How did a movie this bad even get made?

[ spoilers, but you shouldn’t waste your money anyway ]

I’m mad now, but if I were Ridley Scott, I’d be really, really mad. Here I am, a respected director of the seminal science-fiction films Alien (1979) and Blade Runner (1982) , and I wake up one day to find some incompetent hack has made an appalling ripoff of my work and bunch of other movies from the 60s and 70s, and worse, has used my name to do it.

This fake Ridley Scott’s film, a surreptitious prequel to Alien, is called Prometheus, and it begins pretty well. By the edge of a giant dramatic CGI-enhanced waterfall a giant dramatic CGI-enhanced humanoid waves goodbye to a departing flying saucer and takes a drink of dramatic CGI-enhanced liquid. The humanoid, a hugely muscled-up, china-white creature, quickly sickens and dies. His corpse drops over the falls and we are treated to the ultimate extreme close-up: we see his DNA, the actual double-helix, get all moldy and disintegrate.

OK, that’s on shaky ground scientifically, but cinematically, we’re off to a good start. The photography is beautiful and now we have a bundle of mysteries to keep our interest through the first reel: who was the humanoid, why did the saucer abandon him, was he murdered or was that suicide? Sadly, it all goes downhill faster than a humanoid’s corpse over a waterfall.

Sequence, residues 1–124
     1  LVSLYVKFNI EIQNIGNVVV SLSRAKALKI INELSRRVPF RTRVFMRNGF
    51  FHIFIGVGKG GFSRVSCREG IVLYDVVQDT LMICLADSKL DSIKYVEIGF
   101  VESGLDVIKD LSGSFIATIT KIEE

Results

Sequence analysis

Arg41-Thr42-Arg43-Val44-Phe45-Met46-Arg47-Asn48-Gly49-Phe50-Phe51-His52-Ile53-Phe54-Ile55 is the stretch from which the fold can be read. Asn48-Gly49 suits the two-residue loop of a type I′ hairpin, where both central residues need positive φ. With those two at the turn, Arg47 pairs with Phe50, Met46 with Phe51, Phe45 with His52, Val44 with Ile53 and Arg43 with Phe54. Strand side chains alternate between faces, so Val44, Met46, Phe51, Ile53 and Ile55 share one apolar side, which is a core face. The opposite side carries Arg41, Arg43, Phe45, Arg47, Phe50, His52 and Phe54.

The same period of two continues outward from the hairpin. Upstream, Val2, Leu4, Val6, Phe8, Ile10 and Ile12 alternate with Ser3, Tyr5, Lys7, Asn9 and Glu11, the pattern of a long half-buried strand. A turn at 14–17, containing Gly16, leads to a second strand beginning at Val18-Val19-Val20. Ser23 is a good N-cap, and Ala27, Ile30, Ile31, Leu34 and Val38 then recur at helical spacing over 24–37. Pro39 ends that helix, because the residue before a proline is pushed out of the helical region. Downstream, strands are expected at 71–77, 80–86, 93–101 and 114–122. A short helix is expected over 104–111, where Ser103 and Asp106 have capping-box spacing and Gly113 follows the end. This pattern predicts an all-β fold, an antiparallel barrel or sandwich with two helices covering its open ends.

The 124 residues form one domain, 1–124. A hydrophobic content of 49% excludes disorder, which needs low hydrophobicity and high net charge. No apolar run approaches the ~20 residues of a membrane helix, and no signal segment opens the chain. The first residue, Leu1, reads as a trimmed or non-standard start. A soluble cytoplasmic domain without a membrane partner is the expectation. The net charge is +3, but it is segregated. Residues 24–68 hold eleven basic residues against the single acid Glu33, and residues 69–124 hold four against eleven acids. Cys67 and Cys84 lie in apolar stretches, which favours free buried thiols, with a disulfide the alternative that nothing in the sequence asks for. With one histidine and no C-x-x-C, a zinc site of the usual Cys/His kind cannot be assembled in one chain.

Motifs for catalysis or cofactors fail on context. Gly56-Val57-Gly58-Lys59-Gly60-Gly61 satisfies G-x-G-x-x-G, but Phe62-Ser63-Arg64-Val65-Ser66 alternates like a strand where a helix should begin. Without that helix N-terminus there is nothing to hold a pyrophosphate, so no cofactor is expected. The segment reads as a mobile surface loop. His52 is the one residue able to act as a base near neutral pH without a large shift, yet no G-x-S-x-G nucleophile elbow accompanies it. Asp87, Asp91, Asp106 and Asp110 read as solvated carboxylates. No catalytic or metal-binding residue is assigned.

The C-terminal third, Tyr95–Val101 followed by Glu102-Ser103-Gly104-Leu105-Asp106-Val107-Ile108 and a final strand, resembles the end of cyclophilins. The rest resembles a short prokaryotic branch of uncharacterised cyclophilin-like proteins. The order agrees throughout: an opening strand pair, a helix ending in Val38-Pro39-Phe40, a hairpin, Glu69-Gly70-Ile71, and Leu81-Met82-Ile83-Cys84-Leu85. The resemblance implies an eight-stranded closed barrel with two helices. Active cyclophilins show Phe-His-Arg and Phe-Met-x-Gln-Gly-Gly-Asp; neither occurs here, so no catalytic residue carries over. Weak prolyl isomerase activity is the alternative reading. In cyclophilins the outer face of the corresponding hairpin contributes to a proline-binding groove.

There’s more dramatic National Geographic-style photography as two anthropologists (Noomi Rapace, the girl with the dragon tattoo in The Girl With The Dragon Tattoo, and newcomer Logan Marshall-Green) explore a cave on the Isle of Skye in the Hebrides. They find some cave drawings that are, to the audience, less skilfully drawn than real cave paintings, but the two are very excited by a depiction of a human figure pointing at an arrangement of seven stars.

We cut forward to the spacecraft Prometheus and watch an android (Michael Fassbender) tending a shipful of hibernating astronauts, a sequence that might be haunting to anyone who hadn’t seen the same thing done better in 2001 (made in 1968) and Silent Running (1972). The android watches Lawrence of Arabia (1962) and practices imitating Peter O’Toole. Apparently, this is the director’s way of warning us that everything we are going to watch has been lifted from other, better movies, a warning that is already superfluous by this point, 10 minutes into the movie. Then there’s a remake of the wake-up scenes from the first two Alien movies, only with less character development and more vomiting.